Sunday, February 17, 2013
View from my floor of the Sofitel Tahiti Maeva Beach Resort
Today I sadly learned that the hotel I stayed in in Tahiti this past summer, is closed. This is not Raimiti, the place where I stayed on Fakarava in the Tuomoto Island chain, which was the major part of my vacation. This was the Softel Tahiti Maeva Beach Resort, in French Polynesia’s capital city, Papeete, on the island of Tahiti. Since I had already been to Tahiti in the past and what I wanted to experience was something entirely new to me (a coral atoll in an isolated island chain), Tahiti, itself, was only to be my in and out place, somewhat like many people nowadays treat Honolulu when they take a trip to Hawaii, considering Maui or Kauai or the Big Island to be their main destination. So I stayed in Papeete only the first night in, and then flew out to Fakarava the next morning, and then again on my last night in French Polynesia before flying home to Los Angeles.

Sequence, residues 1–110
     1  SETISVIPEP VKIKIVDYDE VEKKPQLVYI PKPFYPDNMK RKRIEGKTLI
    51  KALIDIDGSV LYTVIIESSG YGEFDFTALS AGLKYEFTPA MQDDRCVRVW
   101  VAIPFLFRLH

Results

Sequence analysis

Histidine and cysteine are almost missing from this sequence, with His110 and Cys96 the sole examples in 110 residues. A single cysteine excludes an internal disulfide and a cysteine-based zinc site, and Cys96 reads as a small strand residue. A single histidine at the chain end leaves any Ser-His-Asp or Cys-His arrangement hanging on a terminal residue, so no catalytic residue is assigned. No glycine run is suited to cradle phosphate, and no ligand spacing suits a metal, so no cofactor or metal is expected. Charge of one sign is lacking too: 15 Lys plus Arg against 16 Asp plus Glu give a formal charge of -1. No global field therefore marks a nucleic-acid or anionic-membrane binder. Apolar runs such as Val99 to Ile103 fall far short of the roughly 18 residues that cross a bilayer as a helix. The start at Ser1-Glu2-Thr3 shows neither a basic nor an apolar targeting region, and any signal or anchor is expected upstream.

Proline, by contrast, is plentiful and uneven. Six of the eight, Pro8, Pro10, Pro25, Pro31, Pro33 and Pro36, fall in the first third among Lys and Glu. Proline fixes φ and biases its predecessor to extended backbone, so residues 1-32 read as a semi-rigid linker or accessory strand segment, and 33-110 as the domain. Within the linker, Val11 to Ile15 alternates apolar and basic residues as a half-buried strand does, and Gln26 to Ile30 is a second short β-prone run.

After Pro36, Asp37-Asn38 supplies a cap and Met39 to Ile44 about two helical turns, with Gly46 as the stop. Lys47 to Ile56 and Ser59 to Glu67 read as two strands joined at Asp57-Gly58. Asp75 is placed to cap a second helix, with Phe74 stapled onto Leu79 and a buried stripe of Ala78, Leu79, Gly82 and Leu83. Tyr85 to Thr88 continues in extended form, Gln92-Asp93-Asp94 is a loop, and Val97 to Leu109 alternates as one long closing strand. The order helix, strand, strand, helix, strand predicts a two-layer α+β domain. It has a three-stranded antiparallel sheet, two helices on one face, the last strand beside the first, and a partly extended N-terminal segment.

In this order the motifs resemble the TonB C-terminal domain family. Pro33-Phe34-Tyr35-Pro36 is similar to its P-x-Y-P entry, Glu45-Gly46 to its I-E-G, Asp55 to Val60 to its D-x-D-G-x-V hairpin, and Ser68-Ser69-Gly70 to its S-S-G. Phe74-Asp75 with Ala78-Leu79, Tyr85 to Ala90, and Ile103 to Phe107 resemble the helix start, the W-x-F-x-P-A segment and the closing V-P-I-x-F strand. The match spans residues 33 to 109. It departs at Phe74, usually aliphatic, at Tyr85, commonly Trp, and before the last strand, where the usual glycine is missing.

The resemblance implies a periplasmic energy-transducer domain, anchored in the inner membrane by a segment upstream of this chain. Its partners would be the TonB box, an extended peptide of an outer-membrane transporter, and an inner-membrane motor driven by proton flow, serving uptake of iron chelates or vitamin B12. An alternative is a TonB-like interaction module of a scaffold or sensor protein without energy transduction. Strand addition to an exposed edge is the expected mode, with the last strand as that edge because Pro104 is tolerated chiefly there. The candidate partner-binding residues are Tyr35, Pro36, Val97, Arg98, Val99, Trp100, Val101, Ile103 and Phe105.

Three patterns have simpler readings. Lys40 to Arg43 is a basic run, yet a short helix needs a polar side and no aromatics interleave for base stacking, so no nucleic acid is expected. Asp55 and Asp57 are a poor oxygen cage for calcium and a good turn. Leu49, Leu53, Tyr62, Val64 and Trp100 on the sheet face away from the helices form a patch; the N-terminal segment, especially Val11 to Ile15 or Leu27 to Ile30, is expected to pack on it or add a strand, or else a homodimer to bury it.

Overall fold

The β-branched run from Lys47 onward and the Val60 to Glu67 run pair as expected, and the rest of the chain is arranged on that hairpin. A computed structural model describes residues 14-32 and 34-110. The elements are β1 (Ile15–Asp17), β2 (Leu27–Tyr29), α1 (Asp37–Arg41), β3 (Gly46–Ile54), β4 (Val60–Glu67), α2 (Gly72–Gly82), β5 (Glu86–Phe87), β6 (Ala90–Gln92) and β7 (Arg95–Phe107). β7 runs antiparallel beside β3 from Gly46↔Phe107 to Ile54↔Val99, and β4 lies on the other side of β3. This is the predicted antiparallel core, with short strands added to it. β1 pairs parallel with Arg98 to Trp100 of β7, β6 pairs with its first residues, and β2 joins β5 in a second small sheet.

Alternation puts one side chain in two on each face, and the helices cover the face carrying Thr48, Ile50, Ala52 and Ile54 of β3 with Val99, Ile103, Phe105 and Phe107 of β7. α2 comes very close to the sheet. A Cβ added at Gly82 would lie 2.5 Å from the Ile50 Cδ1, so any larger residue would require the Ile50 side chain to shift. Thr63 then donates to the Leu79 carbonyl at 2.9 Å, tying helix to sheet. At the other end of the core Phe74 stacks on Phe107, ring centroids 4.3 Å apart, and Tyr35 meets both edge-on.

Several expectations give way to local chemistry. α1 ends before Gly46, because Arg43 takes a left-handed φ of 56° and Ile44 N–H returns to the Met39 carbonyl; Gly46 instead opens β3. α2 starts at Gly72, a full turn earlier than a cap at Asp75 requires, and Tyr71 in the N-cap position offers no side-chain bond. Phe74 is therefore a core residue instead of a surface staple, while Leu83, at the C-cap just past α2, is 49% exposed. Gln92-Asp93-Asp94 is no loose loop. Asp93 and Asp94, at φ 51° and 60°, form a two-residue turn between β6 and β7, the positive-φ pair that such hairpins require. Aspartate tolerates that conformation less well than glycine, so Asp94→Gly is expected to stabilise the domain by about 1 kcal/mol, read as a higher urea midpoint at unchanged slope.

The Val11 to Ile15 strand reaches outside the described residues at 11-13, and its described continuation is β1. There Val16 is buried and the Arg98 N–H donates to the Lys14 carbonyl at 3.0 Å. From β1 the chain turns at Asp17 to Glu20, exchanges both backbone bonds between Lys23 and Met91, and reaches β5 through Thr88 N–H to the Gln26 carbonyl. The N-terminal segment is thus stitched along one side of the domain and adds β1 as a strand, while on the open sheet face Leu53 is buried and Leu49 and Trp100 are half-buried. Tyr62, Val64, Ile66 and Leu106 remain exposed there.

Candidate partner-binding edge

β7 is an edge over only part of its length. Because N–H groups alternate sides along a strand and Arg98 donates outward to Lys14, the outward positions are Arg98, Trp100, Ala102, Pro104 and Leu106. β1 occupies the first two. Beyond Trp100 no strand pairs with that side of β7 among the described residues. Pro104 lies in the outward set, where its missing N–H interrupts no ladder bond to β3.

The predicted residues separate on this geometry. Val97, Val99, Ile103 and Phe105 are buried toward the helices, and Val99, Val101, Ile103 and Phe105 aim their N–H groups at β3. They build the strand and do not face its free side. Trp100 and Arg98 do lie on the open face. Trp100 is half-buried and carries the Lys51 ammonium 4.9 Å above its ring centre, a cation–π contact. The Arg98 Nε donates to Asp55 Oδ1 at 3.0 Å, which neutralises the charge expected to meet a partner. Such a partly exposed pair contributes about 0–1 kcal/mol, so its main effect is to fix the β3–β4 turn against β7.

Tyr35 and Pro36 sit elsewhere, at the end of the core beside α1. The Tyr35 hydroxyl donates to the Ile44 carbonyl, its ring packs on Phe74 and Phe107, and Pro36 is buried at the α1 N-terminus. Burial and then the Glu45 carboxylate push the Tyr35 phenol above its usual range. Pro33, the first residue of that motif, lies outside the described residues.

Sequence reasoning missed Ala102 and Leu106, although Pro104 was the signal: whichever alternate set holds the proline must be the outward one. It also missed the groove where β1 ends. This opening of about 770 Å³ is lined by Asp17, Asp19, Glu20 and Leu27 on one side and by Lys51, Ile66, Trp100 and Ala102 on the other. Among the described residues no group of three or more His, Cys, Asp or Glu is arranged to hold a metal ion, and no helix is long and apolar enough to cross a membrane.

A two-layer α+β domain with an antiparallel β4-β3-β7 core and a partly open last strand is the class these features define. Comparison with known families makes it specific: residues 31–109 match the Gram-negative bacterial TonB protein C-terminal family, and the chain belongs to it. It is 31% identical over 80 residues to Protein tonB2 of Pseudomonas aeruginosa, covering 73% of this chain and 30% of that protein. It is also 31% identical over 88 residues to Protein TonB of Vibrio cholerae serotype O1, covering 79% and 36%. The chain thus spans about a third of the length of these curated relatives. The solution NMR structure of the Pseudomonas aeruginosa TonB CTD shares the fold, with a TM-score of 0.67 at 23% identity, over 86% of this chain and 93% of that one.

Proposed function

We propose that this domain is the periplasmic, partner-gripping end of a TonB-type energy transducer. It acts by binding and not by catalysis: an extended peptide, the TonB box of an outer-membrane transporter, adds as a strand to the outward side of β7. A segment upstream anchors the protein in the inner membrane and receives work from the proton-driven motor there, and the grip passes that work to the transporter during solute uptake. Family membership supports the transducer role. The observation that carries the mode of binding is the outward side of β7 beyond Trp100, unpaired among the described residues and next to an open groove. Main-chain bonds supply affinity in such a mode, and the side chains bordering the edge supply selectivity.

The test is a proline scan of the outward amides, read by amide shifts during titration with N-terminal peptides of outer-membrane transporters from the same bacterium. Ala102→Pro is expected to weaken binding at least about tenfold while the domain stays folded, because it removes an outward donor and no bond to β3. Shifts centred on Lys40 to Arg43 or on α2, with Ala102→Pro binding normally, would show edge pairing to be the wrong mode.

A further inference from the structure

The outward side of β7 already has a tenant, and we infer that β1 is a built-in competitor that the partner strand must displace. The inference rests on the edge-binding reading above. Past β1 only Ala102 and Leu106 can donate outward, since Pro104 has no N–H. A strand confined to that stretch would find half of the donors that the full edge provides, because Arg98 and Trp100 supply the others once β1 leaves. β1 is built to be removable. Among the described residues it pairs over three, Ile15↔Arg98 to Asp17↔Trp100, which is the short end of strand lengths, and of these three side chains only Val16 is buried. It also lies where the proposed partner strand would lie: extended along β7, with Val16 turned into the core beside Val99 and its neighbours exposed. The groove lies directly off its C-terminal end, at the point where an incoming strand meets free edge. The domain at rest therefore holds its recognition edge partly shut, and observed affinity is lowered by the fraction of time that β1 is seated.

But the hotel I had chosen for this, which was actually quite close to the Tahiti airport, was surprisingly nice. Here are some pictures of it--what's not to like? Once upon a time, it had been a destination resort itself, a place where honeymooners would come for their dream trip, but the word has long been out that Papeete is a pit and the thing to do is get in and out of Papeete as quickly as possible. While I entirely disagree with this for myself, certainly, or for any serious traveler, probably, it may be most likely true for the thoughtless tourist, the kind who is actually disinterested in history or seeing the business end of a country and only wants to be pampered while lying on the beach. I certainly understand the desire to be pampered, but I also want something more. The Sofitel on Tahiti seemed to me to offer a good combination of both and at a way less expensive price than what one can get on Bora Bora or Moorea where really the only economy is tourism.